A recent study found that, while tobramycin-dexamethasone ointment seemed to increase some side effects such as eye secretions and foreign body sensation, using the ointment did not decrease the risk of endophthalmitis after intraocular surgery.
To explore the necessity of using ocular tobramycin-dexamethasone, researchers analyzed 3,811 eyes—2,397 eyes that received prophylactic tobramycin-dexamethasone eye ointment and 1,414 eyes that did not. The overall rate of endophthalmitis was 0.08%, all in the eye ointment group (0.12%). The anterior chamber reactions one day after surgery were more serious in the ointment group, but there were no statistically significant differences at one month. The contamination rate was 0% at all time points over seven days.
The researchers still believe that preoperative antibiotics and standardized surgical disinfection procedures probably play important roles in the prevention of endophthalmitis. Considering antibiotic resistance, surgical treatment specifications, side effects of the ointment, increased eye secretions, uncomfortable feeling and cost burden, they suggest that it is not necessary to use tobramycin-dexamethasone eye ointment prophylactically at the end of intraocular surgery, but prospective trials still need to confirm those results.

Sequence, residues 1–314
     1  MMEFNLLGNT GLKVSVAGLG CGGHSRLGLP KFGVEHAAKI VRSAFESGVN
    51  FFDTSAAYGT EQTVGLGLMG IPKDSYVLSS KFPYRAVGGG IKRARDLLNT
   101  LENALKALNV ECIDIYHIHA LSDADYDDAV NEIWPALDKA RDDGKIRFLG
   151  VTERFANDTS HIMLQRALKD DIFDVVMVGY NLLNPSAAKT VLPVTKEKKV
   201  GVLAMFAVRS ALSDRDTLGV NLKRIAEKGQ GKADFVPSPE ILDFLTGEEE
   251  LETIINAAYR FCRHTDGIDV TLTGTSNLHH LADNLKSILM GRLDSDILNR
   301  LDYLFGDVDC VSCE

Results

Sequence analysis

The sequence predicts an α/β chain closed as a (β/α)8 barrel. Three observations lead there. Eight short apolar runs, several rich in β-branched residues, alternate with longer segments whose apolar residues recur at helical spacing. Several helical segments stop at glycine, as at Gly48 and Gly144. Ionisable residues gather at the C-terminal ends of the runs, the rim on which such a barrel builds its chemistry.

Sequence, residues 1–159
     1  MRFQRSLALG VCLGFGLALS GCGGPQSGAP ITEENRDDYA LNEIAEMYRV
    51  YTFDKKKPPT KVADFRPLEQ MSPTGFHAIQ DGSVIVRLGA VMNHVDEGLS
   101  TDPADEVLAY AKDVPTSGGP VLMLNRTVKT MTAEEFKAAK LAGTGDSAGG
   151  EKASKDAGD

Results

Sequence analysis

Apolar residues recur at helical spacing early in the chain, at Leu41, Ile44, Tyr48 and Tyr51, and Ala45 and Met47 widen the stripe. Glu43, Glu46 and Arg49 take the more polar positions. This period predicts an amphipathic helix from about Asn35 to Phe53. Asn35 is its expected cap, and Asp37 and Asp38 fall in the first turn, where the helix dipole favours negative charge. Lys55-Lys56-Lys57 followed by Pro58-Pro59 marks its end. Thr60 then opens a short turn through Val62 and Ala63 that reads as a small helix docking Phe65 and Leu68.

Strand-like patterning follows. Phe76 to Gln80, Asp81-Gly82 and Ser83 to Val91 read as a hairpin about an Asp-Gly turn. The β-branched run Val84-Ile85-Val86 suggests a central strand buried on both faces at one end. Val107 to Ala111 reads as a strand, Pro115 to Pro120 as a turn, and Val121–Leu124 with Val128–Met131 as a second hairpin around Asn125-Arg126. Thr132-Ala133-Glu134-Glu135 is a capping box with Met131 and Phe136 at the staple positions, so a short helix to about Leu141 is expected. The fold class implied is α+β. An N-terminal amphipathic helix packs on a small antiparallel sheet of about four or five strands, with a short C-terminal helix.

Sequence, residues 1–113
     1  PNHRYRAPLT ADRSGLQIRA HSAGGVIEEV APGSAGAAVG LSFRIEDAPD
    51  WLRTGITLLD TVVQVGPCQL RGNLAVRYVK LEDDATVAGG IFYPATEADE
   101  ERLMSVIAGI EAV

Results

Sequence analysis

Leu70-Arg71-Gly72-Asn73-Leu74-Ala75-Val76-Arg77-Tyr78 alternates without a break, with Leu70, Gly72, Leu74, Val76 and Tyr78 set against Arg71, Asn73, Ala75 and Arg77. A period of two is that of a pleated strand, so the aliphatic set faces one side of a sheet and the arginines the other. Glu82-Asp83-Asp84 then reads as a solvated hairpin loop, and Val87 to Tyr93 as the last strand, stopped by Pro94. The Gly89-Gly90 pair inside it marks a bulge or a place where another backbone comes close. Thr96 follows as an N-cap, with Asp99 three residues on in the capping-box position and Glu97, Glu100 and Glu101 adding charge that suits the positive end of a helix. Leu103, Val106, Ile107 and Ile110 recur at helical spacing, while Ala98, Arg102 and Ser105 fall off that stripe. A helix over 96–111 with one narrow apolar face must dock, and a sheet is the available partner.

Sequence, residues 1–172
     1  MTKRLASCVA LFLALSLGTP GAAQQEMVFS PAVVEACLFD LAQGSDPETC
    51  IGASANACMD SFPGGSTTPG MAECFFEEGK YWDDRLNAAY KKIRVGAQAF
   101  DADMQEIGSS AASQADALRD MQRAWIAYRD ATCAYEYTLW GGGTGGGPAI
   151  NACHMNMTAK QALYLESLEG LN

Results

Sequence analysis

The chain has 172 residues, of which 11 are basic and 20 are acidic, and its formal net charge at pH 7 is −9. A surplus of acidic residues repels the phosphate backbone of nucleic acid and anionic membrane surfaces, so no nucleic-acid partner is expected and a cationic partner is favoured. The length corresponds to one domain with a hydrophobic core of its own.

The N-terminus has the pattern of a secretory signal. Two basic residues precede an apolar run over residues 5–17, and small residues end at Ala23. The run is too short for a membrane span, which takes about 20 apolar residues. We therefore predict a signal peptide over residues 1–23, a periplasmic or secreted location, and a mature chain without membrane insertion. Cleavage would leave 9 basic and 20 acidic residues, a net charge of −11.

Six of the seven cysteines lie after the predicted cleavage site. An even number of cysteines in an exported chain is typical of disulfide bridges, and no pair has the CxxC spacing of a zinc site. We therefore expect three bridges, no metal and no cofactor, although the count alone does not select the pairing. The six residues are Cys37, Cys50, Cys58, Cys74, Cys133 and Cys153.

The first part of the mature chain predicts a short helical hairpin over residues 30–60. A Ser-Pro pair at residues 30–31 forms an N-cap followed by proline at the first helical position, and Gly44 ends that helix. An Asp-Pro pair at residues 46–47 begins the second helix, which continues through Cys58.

|Zhang W, Han H, Feng K, Wang X, et al. Is it necessary to use tobramycin-dexamethasone eye ointment prophylactically in eyes at the end of intraocular surgery? BMC Ophthalmol. 2020;20:208.|